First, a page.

Failure & Maintenance (Design of Rigid Pavement)

6.1 Failure in Concrete Pavements (Design of Rigid Pavement)

a) Scaling of Cement Concrete: Due to excessive vibration given to mix (cement mortar comes to the top during construction and thus with use, the cement mortar gets abraded exposing the aggregate of the mix).

b) Shrinkage Cracks: During the curing operation of cement concrete pavement immediately after the construction, the shrinkage cracks normally develop.

c) Spalling of Joints: Sometimes when pre-formed filler materials are placed during casting of pavement slabs, the placement is somehow dislocated and and filler is thus placed at an angle. Thus this form an overhang of a concrete layer on the top side and the joint later on shows excessive cracking and subsidence.

d) Warping Cracks: If the joints are not well designed to accommodate the warping of slabs at edges, this result in development of excessive stresses due to warping and the slab develops cracking at the edges in an irregular pattern.

Hinge joints are generally provided for reliving the slabs of warping stresses.

e) Mud Pumping: It is recognized when the soil slurry ejects out through the joints and cracks of cement concrete pavement caused by the downward movement of slab under the heavy wheel load.

Factors which cause mud pumping are:

i) Extent of slab deflection

ii) Type of sub grade soil

iii) Amount of free water

iv) Warping Stress

v) Mud Pumping

6.2 Maintenance/Repairs (Design of Rigid Pavement)

a) corrective Methods: (Design of Rigid Pavement)

i) Full-depth repairs: Full-depth repairs fix, cracked slabs and joint deterioration by removing at least a portion of the existing slab and replacing it with new concrete. Maintains the structural Integrity of the existing slab and pavement. It is also appropriate for shattered slabs, corner breaks and some low-severity durability problems.

ii) Partial-depth repairs: Partial-depth repairs correct surface distress and joint/crack deterioration in the upper third of concrete slab. In this process the deteriorated layer is removed then cleaned and the new concrete is placed.

iii) Cracking and seating: This technique is used prior to placing an asphalt or concrete overlay to control reflective cracking in the overlay. It is used to re-establish support between the sub base and the slab where there may be voids.

b) Preventative Techniques (Design of Rigid Pavement)

i) Joint and crack resealing: Minimizing the infiltration of surface water thus reducing sub grade softening and slows pumping and erosion of subbase or subgrade fines. It also helps in minimizing incompressible material into joint system thus reducing potential or spalling and blowups.

ii) Retrofitting concrete shoulders: Retrofitting concrete shoulders adds a tied concrete shoulder to an existing pavement.

iii) Retrofitting edge drains: Adding a longitudinal drainage system to a pavement aids in the rapid removal of water and may prevent pumping, faulting, and durability distress from developing.

c) Corrective-and-preventative techniques (Design of Rigid Pavement)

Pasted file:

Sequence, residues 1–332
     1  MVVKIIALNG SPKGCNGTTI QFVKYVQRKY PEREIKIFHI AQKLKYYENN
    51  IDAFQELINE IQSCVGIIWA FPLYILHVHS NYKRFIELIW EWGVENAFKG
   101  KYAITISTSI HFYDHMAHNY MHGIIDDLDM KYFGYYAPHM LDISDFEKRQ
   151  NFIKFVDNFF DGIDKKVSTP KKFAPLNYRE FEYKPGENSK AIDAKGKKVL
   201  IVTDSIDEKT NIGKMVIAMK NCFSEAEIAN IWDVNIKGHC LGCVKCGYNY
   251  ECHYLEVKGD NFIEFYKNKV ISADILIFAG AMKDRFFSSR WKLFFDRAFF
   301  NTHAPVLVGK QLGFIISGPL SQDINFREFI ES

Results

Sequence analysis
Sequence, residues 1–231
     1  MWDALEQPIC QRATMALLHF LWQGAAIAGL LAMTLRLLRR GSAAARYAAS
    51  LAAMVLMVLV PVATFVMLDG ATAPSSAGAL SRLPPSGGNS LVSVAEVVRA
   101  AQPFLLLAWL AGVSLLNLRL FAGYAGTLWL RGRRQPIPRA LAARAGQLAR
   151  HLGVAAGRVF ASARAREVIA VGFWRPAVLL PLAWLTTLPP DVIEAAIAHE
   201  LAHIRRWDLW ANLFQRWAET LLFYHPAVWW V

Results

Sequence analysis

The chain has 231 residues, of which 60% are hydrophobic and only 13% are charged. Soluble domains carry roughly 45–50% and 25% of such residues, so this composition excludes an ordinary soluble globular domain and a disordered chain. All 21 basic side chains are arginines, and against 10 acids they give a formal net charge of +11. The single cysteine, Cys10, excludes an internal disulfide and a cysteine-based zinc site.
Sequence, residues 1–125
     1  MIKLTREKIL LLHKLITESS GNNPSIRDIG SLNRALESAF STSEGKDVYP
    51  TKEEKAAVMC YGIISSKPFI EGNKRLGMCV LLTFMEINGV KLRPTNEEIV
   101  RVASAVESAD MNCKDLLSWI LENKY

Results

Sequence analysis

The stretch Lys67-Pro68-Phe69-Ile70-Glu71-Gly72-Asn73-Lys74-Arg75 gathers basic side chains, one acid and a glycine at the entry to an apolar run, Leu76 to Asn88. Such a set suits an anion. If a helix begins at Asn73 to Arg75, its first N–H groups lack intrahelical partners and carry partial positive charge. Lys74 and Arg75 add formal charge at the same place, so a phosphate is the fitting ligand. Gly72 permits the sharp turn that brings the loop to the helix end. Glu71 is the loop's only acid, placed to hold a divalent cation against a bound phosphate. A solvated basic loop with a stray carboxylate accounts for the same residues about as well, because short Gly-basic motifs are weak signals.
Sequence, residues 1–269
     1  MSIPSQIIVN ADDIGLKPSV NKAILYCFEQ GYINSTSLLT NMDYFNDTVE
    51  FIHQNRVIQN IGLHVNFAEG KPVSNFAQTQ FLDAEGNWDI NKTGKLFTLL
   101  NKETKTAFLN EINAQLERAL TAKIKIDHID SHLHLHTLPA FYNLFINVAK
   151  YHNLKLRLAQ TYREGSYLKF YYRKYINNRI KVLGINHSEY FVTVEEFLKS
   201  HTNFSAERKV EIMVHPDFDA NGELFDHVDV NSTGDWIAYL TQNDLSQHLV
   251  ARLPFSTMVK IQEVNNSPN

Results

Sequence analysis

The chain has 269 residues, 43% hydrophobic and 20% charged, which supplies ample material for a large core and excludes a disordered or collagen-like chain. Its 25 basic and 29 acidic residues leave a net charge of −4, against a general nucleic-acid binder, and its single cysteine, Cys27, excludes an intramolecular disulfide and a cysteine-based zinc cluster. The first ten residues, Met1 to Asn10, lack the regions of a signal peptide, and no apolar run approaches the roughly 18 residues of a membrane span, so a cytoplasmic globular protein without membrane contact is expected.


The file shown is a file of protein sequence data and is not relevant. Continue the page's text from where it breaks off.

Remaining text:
i) Diamond grinding: Diamond grinding improves a pavement ride by creating a smooth, uniform profile by removing faulting, slab warping, studded tyre wear, and patching unevenness.

ii) Dowel-bar retro fitting: Dowel-bar retrofit increases the load transfer efficiency at transverse cracks and joints in pavements by linking the slabs together so that the load is distributed evenly across the joint. Improving the load transfer increases the pavement's structural capacity and reduces the potential for faulting.

iii) Slab undersealing: Slab undersealing is a means to stabilize existing pavement slabs by filling small voids beneath the slab and base or base and sub base. Several grouts have been trialed and portland cement grout was found to produce best results.

iv) Cross stitching: Cross-stitching is used to repair longitudinal cracks that are in a fair condition. It increases load transfer at the crack by adding steel reinforcement to restrict widening of the crack. 

v) Grooving: Grooving restores skid resistance to concrete pavements.

Miscellaneous (Design of Rigid Pavement)

7.1 Factors affecting stability of pavement (Design of Rigid Pavement)

a) Traffic factors: These include the character and volume of traffic which will use the pavement.

b) Moisture factors: These represent change of moisture content of the subgrade due to any of the conditions of precipitation, capillarity and irrigation in the area etc.

c) Climatic factors: These factors represent the effect of temperature changes such as frost penetration etc.

d) Soil factors: These factors represent the effect of the condition of natural foundation soil in cuta under shallow embankments or soil used in embankment immediately underlying subgrade surface.

e) Stress distribution factors: These factors represent the function of pavement and base for transmitting the load of the subgrade.

7.1.1 Traffic capacity studies (Design of Rigid Pavement)

a) Traffic volume: The number of vehicles moving in a specified direction on a given road way that pass a given point or cross section during specified unit of time is known as traffic volume. It is expressed as vehicles per hour or per day.

b) Traffic density: The number of vehicles occupying a unit length usually a kilometer lane of a road way at a given instant is known as traffic density.

c) Traffic capacity: The maximum numbers of vehicles on a road that can pass a given point in one hour is known as flow and have the same units.